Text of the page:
Comp plan revisions finally done
| December 24, 2010 8:00 PM
After several years, it's done.
The Kootenai County commissioners wrapped up deliberations on all chapters of the updated Comprehensive Plan this week, completing the process that began with the Keziah Watkins report in 2006.
"It feels good," Commissioner Todd Tondee said on Thursday.
The officials' most recent review of the document primarily involved reorganization and wordsmithing, said Commissioner Rick Currie, which he said was crucial for condensing the massive visionary document.
"It's saying the same thing, but with a lot less words," said Currie, whose term ends the first week of January.
He added that the commissioners had earlier voted on significant changes to the plan, submitted by the county Planning and Zoning Commission last January, including the removal of acreage designations the commissioners felt would be better specified in zoning ordinances.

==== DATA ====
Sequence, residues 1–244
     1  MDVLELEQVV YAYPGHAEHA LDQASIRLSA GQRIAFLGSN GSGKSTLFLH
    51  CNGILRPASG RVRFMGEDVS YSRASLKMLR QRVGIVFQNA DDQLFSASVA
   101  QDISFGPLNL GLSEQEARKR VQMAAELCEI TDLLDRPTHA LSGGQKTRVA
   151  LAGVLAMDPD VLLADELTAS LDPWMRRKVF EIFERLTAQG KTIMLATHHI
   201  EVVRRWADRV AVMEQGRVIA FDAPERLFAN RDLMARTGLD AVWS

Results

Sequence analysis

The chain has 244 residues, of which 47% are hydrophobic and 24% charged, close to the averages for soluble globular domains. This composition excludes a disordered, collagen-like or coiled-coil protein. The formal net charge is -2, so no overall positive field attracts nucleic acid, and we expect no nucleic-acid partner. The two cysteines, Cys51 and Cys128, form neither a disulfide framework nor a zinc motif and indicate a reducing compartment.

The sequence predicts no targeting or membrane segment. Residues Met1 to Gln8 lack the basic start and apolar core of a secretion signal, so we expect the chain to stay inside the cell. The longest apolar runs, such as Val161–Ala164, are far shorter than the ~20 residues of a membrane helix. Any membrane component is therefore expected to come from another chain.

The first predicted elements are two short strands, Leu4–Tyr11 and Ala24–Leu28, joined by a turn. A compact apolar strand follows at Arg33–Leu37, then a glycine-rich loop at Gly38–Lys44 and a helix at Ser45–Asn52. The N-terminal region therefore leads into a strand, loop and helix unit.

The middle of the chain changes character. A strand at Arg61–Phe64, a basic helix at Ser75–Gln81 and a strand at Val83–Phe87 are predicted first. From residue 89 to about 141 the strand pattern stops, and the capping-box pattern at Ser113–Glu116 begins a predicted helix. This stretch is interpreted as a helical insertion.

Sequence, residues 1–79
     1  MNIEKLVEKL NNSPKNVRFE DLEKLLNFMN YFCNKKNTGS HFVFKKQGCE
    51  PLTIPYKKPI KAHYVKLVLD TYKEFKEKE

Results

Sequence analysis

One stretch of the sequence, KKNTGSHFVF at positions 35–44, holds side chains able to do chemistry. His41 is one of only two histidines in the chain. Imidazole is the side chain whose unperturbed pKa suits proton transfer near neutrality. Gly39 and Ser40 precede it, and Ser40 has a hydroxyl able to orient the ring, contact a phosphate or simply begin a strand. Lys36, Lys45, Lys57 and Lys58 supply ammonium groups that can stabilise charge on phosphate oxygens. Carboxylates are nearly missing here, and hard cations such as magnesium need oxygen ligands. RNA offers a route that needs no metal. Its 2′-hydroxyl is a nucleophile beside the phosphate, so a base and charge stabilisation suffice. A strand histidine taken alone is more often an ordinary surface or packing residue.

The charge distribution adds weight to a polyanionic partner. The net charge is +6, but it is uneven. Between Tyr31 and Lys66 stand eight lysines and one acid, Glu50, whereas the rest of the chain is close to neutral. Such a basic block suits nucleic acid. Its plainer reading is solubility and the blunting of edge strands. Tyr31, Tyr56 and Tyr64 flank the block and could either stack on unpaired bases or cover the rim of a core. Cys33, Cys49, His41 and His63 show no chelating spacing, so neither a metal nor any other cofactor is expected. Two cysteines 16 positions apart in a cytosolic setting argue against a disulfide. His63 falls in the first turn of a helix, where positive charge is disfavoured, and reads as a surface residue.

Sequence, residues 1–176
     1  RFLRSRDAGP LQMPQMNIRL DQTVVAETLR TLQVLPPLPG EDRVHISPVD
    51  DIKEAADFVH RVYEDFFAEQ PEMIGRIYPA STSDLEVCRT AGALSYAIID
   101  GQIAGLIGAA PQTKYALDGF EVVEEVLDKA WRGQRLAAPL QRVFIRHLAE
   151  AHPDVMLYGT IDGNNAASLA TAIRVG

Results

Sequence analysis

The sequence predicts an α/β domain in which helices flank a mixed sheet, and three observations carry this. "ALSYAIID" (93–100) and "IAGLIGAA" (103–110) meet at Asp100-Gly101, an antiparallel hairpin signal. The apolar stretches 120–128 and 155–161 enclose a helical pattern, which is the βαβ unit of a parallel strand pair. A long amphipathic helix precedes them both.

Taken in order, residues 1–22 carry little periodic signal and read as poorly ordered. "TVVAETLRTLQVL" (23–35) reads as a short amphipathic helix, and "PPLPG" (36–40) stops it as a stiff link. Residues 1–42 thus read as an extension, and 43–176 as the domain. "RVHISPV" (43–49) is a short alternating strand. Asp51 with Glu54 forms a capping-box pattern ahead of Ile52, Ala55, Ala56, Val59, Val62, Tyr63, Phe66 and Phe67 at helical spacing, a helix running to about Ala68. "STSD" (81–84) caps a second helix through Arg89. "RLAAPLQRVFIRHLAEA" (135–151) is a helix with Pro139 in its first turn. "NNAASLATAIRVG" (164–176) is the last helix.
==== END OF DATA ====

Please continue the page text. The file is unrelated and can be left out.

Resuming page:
Tondee said he expects the document, which acts as a roadmap for future development in the county, to offer clear direction on shaping the area.
The focus of the plan is for denser development to occur within cities, he said.
"We anticipate development happening in rural areas, but not dense development," Tondee said.
Terry Harris, executive director of the Kootenai Environmental Alliance, said he thinks the new document is a great improvement over the current Comprehensive Plan, adopted in 1994.
"I think it's a much more comprehensive of a plan. There's a lot more detail in it than before, and they cover a great deal more territory," Harris said.
Still, he said, he is frustrated the commissioners removed acreage designations from the plan, which he thinks will complicate the plan's implementation.
"Without the densities in it, it's not as helpful as it should be," Harris said.
The commissioners will review the final changes they made next week, and vote officially on the document at 10 a.m. next Thursday in the county Administration Building.
The next step is implementing the plan, Tondee said, by creating new ordinances and regulations to enforce the plan's vision.
The county announced in May, 2009 that it was setting aside $350,000 for a consulting firm to help with that process.
Tondee said he expects that work to start first thing next year.
"We still need to decide on who that consultant will be," he said.